Out of curiosity, let's measure the performance of memory access from Java. We limit the test to summing values of a single long array. The memory size of the array is 0.8 MB when testing the cache and 400 MB for testing the RAM. The array is accesses either sequentially or using random access. So, we have a total of four test cases: cache with sequential access, cache with random access, RAM with sequential access, and RAM with random access.
My setup: an i7-3687U CPU (2.10 GHz), Ubuntu 12.04 64-bit, 4 MiB cache, Oracle JVM 1.7.0_25 (64-Bit, build 23.25-b01). The "-server" flag is used when running Java. Computer: Toshiba Portege Z930-14L.
My Java code. Consider it public domain, do whatever you like with it. It's all in one class and it has no dependencies besides a JVM. There are deficiences, of course. Code style has sometime been sacrificed for performance. Loop unrolling did not improve performance, however. There are many other things that happens then just accessing memory. Computation of the next index is a significant part of the cacheRan test.
Test Access time cacheSeq 0.33 ns, 0.69 cycles cacheRan 3.16 ns, 6.64 cycles ramSeq 0.56 ns, 1.37 cycles ramRan 20.07 ns, 42.16 cycles
Sequential access to the long array is surprisingly fast. It is interesting to note that accessing data from the cache in sequence results in less than a cycle per access. I believe this could be because SSE instructions are used. I have not confirmed this. It could also be because of Intel's turbo boost technology. The cycle time assumed is based on a frequency of 2.10 GHz.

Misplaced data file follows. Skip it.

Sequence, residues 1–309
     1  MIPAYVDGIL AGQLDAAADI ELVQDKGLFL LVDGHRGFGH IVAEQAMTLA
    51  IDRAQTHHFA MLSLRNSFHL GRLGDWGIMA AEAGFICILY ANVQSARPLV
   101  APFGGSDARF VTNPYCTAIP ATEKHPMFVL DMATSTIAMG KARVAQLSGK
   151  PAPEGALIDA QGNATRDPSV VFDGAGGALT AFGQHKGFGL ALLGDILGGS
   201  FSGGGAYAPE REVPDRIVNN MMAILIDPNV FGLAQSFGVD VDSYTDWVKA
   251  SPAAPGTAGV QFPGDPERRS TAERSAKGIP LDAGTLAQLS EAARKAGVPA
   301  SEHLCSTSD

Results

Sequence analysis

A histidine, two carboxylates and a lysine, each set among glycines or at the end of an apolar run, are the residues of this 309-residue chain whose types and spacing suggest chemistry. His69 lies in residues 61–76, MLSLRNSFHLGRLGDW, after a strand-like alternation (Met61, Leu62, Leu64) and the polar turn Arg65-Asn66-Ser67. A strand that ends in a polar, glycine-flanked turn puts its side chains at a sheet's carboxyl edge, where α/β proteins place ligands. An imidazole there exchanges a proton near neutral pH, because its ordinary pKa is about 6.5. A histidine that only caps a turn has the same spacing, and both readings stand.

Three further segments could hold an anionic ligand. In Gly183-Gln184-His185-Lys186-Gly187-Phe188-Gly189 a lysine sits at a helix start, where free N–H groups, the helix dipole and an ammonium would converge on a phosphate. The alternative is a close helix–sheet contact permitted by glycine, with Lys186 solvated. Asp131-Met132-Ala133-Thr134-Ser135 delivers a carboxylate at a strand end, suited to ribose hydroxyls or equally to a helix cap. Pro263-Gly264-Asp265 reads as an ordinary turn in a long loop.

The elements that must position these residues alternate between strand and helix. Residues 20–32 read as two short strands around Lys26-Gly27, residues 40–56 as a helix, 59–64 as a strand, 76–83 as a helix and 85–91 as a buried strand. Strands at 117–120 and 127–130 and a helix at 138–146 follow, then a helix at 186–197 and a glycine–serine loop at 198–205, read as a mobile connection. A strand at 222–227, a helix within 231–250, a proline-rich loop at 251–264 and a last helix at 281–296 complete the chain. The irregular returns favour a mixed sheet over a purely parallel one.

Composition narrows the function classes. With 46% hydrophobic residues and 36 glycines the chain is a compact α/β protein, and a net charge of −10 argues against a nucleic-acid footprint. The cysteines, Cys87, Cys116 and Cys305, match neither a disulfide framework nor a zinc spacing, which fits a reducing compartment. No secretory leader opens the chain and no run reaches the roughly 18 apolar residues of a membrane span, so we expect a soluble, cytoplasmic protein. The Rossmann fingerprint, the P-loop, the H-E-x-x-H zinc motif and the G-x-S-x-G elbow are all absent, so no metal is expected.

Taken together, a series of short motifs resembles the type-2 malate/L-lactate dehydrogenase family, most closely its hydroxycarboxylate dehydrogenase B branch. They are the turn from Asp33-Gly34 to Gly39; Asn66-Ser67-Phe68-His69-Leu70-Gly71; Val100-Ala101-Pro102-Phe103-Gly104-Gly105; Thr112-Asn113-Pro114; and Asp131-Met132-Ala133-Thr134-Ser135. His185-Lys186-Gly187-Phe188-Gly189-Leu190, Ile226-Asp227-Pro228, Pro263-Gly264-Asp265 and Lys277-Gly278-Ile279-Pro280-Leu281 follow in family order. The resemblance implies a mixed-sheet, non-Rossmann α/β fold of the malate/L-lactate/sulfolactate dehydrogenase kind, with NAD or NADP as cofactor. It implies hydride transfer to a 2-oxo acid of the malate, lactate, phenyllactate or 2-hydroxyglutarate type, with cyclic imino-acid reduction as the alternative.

Sequential access in RAM is on par with the result for sequential access to cached data. Random access to the cache is significantly slower (3 ns) and random access to the big RAM memory is many times slower (20 ns).
Cache-aware algorithms are important. More on that later.
Check the memory access time on your computer! Just run the Java class provided. Add the result as a comment, please.
UPDATE: Needless to say (?). It is very seldom a programmer would ever need to consider making his code cache-aware. Other things (disk/network IO) usually limits application performance. And the value of the product is seldom limited by its CPU performance anyway. Cache-aware algorithms are however interesting for me while creating BergDB. I aim at very high performance for data that fits into RAM - it should be on par with databases that assumes all data fits into RAM. It is also interesting for those who writes code for basic data structures: maps, set, lists and so on.